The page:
The first September 1923 the Great Kanto Earthquake, diffused destruction in all the surroundings Kanto’s cities and rural areas. In this event vehicles replaced the devastated railway system and saved many lives. Trucks also helped for the reconstruction and vehicles now started to serve a very useful function instead of the previous concept of leisure luxury items. Straightaway the U.S. was providing to the Japanese market cars at a very competitive price with quick order delivery of three month wait, in half the time required by an actual European brand to deliver. In 1929 28.087 vehicles were imported. Kiichiro saw the potential to fill a gap in a market lacking in competition and ten years later in 1933 founded the “Automotive Production Division” department within Toyoda Automatic Loom Works Ltd.  For 1932 Chuyko Detroit Project different companies made different components to be assembled together in a prototype called “Atsuta”, in which the Toyoda Motor Company took part by making cast parts. Also all the patents rights, that year were sold at one million yen with the only constraint to use them in the automotive field. Therefore Kiichiro went to visit America’s production plants to investigate and went back to his country after having bought the required machines for production. More determined than ever to pursue his father dream when his father died the 30th October 1930. After having bought a 1934 Chrysler De Soto he starts to dismantle and analyse the car in every single component, his goal was to produce a prototype capable to fit parts in common with Ford and Chevrolet vehicles which were very common in Japan at that time. The same year the capital rose from one million to three million yen, giving the possibility to expand activities into steelmaking and aircraft construction. In May the same year cast parts of the engine’s main components were fabricated. Engine block crankcase and cylinder head were Toyoda design, the internal components like con-rods pistons camshafts valves and plugs were Chrysler components. Moreover where this the bodywork took only one and a half years to develop because was based on De Soto’s exterior design. One year later in May 1935 the new “A1” vehicle was presented. Was a new design sharing Chrysler’s components, but the high price for the market in that period, displaced the “A1” in a luxury segment.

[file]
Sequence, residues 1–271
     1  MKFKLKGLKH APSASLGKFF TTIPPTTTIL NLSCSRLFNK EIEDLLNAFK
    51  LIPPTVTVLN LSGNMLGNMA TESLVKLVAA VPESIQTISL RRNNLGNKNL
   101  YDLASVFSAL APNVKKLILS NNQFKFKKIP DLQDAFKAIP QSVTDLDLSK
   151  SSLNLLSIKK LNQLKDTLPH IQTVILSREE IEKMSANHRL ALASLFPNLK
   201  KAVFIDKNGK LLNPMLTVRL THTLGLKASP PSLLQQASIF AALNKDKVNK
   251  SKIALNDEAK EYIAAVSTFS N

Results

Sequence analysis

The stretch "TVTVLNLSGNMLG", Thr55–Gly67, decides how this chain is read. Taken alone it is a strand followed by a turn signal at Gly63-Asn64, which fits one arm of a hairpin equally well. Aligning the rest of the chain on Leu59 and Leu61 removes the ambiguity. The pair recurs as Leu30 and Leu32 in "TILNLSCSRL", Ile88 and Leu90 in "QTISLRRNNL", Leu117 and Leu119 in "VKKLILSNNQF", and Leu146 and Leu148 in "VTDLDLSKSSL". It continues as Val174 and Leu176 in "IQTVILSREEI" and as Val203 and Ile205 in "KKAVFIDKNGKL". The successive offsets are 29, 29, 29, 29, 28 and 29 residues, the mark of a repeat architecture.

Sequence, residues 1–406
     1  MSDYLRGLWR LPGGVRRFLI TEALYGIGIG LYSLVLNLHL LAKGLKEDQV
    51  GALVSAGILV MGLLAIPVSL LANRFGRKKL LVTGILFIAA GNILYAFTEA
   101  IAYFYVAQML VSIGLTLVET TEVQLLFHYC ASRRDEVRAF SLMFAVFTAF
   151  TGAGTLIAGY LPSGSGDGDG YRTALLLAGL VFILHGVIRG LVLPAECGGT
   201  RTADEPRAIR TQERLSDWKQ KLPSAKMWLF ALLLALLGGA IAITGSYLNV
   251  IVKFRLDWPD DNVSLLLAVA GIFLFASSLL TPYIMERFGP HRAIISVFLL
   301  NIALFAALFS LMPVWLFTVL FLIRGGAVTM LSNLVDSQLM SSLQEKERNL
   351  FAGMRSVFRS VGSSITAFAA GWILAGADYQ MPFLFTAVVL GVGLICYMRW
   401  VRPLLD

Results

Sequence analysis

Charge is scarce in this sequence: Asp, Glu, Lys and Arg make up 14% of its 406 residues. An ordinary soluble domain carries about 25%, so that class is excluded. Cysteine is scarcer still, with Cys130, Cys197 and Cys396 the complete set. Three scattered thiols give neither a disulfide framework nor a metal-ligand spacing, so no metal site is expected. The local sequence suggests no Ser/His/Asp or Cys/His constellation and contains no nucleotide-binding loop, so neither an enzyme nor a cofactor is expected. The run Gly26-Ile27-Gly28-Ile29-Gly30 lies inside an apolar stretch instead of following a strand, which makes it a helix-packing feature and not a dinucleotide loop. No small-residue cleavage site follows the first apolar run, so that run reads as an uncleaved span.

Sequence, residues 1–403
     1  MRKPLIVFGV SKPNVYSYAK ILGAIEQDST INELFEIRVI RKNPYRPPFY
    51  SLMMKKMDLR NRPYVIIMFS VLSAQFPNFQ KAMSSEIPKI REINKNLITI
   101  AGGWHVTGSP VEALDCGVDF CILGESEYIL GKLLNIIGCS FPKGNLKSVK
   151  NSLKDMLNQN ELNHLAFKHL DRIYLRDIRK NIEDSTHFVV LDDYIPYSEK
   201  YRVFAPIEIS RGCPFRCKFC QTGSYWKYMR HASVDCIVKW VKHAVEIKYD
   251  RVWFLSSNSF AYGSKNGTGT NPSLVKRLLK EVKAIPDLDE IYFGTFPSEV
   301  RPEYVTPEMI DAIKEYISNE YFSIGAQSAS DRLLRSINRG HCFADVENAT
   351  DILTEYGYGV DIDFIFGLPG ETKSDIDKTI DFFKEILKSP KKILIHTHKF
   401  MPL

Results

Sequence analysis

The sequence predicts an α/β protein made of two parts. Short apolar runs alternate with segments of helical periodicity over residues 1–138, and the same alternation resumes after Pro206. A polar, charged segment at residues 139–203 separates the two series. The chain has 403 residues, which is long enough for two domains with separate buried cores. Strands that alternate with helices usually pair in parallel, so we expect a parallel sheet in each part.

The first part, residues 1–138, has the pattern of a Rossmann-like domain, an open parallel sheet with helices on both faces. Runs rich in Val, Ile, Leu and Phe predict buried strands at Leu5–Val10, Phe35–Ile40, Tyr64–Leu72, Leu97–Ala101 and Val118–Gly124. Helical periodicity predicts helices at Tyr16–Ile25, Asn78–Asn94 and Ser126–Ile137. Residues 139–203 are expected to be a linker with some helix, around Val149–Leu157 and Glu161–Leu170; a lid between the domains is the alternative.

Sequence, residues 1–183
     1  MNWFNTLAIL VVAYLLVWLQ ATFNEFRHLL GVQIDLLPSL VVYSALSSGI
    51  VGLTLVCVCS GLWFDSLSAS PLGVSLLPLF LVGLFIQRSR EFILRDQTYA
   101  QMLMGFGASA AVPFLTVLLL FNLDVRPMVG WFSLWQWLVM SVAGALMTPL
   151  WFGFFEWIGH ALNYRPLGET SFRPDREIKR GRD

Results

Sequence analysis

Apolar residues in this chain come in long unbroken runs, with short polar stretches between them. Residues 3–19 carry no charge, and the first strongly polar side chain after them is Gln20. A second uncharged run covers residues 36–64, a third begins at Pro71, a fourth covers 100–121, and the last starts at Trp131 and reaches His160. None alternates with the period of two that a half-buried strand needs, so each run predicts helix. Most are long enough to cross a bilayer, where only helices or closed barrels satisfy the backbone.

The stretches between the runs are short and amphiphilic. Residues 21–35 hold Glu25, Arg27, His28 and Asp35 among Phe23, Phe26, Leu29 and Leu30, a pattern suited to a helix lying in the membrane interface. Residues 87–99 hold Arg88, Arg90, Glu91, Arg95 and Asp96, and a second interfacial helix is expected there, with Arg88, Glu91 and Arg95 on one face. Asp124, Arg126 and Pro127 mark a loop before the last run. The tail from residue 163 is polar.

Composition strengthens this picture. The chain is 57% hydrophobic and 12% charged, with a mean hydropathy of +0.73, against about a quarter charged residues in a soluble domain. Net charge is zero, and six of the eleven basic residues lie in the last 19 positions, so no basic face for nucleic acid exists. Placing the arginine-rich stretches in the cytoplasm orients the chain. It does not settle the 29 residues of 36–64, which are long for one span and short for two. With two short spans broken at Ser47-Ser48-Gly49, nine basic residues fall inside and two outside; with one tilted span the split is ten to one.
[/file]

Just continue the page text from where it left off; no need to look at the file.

Toyoda Automatic Loom Works, Ltd. started in 1935 the “G1” truck and with the same principle as above started to draw knowledge from a 1934 Ford truck and therefore develop their own design of the chassis and by installing the engine “A” developed from the passenger car. The G1 went on sale in November the same year for 3.200 yen but without sales plans. A month later a partnership with G.M. and Chrysler allowed Toyoda vehicles to be sold in the well-known dealer showrooms. In 1936 Toyoda changed into Toyota to improve badge’s graphics and pronunciation.

By improving on GA truck and A1 car designs the next evolution models in replacement were called GA and AA respectively.  In 1942 Toyota due to the recession asked 1600 workers to resign. But two years later in Koromo’s factory production restarted. Ten years later after Kiichiro Toyoda death his cousin Eiji Toyoda started to design the first Toyota vehicle and to improve on the technological level of Japan’s automotive history. Therefore Taiichi Ohno in charge to optimize the production plant processes, which at that time where inefficient.